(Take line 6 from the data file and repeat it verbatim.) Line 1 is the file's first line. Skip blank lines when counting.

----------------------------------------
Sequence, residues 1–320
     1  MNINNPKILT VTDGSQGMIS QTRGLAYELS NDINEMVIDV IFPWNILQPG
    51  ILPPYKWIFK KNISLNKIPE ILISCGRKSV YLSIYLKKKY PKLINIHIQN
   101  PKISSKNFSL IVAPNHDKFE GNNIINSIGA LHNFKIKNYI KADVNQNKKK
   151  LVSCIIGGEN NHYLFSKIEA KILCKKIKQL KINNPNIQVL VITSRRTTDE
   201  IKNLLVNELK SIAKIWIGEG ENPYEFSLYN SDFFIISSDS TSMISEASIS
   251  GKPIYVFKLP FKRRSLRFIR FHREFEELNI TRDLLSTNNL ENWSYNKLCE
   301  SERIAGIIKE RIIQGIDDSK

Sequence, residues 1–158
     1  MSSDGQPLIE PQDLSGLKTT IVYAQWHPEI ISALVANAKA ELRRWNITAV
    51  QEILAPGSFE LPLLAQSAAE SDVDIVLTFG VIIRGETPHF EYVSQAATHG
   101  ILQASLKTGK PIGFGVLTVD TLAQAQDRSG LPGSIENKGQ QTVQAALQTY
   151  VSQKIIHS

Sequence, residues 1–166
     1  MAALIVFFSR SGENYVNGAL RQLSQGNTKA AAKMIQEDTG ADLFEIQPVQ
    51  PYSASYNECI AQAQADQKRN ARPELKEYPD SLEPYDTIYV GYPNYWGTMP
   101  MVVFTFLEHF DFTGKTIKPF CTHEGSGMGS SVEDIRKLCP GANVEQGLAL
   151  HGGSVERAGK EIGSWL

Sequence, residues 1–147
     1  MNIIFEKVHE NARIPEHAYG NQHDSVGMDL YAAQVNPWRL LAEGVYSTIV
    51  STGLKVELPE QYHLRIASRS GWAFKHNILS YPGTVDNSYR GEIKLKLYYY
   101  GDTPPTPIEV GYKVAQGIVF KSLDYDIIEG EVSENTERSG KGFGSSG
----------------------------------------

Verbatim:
   201  IKNLLVNELK SIAKIWIGEG ENPYEFSLYN SDFFIISSDS TSMISEASIS